• Food labels are accurate.

    Calorie counts on food labels are trustworthy. This is because the foods have to pass lab tests to get the information. They also have to have proof of the accuracy in lab sheets. While recipes can very by small degrees time-to-time. people should be rest assured that food labels are accurate.

  • Yes They Are

    I believe calorie counts on food labels are trustworthy. I believe it is possible that they aren't 100% accurate but they can give you a very good idea of how many calories are in a food item. I think without these labels it would be more difficult to make proper choices.

  • Yes, for the most part.

    Calorie counts always have to be taken with a grain of salt because companies would rather say that they have less rather than more calories in their products and because there is no such thing as exact measurement in this. Still, it seems that for the most part they are pretty close to what they say, tho I'd always add a percentage more.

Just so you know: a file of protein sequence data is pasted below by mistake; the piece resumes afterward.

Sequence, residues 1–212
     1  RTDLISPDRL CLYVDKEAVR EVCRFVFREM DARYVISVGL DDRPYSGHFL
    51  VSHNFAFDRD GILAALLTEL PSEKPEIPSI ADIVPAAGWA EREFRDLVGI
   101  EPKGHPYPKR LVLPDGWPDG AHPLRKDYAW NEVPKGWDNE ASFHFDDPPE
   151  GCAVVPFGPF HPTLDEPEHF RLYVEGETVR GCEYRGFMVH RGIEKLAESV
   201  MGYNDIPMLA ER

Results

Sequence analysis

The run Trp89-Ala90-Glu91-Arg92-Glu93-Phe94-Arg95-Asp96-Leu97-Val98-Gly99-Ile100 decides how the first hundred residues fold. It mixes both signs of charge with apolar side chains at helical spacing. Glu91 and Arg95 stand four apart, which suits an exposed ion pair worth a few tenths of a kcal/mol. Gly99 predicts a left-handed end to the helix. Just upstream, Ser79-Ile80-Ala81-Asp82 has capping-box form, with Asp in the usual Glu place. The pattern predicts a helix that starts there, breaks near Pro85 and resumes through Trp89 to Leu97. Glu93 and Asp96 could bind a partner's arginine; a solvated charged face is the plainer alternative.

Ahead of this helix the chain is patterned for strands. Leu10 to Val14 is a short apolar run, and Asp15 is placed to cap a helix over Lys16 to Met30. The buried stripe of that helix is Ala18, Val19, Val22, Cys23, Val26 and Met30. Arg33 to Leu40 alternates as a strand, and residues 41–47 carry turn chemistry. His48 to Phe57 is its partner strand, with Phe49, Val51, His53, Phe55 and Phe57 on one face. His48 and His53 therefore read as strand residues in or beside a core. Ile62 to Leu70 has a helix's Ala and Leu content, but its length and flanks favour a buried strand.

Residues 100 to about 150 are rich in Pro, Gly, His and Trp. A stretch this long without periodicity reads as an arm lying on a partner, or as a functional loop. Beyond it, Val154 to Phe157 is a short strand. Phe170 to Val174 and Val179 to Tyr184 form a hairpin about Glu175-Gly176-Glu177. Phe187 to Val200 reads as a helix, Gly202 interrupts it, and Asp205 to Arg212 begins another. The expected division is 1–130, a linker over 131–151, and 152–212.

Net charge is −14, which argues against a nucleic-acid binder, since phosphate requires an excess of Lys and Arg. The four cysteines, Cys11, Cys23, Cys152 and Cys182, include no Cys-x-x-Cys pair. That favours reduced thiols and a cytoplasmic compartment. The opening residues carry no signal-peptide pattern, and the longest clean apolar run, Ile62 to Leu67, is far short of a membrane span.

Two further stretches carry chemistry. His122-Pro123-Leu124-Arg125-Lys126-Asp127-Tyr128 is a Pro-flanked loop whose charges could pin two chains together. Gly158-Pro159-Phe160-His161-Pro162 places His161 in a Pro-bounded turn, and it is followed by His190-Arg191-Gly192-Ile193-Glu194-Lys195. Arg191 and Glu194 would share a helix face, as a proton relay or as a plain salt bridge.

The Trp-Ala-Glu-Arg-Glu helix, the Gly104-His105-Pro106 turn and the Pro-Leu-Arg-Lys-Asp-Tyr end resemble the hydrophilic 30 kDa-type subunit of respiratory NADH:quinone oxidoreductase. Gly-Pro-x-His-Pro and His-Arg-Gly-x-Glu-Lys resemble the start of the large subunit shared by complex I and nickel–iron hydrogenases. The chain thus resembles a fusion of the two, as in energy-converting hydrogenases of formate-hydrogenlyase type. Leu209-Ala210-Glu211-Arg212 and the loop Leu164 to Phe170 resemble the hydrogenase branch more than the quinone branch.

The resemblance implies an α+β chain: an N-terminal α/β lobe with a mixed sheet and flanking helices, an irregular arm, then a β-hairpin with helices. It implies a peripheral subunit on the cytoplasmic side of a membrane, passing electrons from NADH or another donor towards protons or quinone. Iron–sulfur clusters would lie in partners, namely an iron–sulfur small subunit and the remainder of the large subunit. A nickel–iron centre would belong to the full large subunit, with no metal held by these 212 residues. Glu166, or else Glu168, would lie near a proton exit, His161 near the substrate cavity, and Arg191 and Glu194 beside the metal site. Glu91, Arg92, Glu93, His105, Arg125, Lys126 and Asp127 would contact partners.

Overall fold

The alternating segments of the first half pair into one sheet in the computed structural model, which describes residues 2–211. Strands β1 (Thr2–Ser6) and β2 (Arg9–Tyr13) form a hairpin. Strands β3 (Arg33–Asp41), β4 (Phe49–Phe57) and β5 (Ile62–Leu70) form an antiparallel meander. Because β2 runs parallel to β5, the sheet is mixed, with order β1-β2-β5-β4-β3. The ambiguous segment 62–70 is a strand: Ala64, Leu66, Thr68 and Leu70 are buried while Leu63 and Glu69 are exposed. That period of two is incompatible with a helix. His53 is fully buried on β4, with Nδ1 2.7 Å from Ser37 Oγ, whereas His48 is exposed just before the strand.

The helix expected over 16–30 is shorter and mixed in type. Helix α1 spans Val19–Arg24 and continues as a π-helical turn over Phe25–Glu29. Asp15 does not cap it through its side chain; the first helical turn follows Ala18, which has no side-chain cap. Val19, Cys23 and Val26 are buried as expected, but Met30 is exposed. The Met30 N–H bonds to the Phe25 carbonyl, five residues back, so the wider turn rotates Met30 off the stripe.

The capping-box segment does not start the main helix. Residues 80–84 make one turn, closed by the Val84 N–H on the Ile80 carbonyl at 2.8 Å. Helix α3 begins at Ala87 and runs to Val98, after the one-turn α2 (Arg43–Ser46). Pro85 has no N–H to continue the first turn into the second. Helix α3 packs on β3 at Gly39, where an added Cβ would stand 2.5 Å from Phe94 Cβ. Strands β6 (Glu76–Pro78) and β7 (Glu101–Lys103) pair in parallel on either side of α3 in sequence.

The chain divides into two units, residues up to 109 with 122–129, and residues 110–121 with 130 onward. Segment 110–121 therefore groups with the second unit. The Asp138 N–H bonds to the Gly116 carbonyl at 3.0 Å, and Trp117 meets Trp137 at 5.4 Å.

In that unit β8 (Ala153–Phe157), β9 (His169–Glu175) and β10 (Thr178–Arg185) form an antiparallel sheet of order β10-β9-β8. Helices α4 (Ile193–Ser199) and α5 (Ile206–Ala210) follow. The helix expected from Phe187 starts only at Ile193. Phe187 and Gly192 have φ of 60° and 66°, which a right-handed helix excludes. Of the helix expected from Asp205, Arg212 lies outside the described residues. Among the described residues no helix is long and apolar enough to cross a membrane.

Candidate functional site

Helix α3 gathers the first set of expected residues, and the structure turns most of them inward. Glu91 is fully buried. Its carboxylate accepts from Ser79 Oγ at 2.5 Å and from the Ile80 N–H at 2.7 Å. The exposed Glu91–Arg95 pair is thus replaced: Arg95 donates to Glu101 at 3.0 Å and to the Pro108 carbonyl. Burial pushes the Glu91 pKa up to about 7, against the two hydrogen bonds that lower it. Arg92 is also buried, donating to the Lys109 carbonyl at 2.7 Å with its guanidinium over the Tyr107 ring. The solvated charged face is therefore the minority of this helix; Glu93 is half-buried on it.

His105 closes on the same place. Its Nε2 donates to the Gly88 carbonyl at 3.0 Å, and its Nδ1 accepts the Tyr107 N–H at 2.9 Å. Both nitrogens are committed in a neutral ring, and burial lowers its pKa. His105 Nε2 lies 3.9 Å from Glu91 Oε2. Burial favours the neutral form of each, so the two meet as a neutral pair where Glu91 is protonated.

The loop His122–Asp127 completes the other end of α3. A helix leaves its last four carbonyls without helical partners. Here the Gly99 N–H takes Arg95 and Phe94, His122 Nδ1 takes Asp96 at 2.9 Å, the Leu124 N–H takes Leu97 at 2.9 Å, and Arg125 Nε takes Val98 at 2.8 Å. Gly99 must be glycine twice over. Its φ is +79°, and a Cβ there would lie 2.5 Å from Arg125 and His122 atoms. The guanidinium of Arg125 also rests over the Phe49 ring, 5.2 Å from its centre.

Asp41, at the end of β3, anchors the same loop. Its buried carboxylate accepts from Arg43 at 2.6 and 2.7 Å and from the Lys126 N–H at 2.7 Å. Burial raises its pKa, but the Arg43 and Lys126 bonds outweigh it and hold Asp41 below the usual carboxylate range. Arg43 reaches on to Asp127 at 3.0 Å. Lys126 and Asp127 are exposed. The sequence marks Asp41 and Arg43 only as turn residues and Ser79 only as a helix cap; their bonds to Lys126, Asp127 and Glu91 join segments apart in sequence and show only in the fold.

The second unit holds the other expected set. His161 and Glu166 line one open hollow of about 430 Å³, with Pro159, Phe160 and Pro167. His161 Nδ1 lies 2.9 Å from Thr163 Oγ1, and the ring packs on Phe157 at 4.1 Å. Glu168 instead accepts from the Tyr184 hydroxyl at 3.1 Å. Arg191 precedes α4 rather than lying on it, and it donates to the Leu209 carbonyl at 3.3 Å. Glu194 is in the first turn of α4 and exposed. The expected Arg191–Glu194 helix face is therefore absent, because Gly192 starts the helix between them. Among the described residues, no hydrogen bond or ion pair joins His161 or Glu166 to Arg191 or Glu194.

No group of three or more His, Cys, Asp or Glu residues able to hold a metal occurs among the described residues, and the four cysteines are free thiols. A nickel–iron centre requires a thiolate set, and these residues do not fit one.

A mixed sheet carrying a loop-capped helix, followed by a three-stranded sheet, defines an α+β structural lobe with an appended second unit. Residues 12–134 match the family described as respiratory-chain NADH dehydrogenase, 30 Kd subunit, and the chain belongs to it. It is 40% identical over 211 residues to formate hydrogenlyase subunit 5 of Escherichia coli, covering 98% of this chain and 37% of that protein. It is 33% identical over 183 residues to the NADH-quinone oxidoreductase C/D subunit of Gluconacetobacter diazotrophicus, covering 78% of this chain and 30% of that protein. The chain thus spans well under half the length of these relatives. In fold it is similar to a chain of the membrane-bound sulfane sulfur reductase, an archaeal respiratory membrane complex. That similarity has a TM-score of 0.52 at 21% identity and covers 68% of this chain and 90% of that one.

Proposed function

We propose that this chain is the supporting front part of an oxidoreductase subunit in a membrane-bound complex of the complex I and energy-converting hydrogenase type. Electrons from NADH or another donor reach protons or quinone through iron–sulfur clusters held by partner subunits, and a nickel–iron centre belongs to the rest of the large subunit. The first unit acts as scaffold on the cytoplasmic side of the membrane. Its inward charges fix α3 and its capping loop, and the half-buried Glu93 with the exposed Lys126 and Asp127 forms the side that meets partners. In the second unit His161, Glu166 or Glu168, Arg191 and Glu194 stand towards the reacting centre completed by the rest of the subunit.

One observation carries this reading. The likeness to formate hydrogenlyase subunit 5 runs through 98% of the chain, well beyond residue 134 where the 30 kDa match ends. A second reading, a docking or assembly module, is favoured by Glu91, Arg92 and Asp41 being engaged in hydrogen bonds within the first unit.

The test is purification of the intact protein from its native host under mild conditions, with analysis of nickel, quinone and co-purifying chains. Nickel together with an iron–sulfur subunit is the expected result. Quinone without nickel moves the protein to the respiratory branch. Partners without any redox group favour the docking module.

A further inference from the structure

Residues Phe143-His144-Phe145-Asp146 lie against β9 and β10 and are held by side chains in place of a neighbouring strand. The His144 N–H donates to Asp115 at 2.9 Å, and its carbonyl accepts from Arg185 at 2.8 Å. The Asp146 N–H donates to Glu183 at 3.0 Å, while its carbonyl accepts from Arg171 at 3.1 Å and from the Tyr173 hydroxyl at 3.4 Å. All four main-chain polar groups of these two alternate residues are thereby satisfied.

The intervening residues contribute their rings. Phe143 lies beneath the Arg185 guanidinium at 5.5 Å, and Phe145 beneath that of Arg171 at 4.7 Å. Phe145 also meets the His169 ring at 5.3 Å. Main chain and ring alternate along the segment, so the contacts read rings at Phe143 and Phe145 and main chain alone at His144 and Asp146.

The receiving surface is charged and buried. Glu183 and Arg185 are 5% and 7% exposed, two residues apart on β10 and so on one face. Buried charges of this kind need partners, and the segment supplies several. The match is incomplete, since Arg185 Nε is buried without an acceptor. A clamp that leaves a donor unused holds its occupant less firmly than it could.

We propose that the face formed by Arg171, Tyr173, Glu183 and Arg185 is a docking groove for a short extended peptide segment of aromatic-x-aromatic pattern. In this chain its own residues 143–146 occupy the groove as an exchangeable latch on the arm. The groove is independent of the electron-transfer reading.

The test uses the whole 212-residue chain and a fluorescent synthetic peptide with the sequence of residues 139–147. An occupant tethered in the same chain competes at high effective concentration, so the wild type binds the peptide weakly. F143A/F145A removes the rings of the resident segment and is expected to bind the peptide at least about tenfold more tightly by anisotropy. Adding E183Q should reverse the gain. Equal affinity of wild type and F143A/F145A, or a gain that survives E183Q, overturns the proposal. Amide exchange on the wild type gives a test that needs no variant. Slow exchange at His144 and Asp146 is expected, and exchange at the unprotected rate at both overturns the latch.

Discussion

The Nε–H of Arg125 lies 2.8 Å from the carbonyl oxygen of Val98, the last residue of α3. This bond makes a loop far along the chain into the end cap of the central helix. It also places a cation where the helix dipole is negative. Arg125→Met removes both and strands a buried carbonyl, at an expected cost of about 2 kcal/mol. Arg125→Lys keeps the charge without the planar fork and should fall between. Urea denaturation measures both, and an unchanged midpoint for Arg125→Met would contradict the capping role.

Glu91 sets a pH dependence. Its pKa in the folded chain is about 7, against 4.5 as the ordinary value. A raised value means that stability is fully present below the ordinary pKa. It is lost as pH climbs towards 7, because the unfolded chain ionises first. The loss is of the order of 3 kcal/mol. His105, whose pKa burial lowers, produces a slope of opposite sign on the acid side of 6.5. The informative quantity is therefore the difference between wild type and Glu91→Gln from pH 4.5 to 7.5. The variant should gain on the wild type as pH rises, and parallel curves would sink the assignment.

• Yes they are

    Yes, I do think that they give you a whole lot trustier than people think, and that if you go off of what they say then you will get a really good guess at what is in your food, and what percentage of your daily intake is coming from this.

  • No, calorie counts on food labels are trustworthy.

    No, calorie counts on food labels are not trustworthy because the government only requires the calories listed to be close to the actual number of calories in the item. An investigation conducted by in May of 2013 found calorie counts on packages to be inaccurate by as much as 90 calories.

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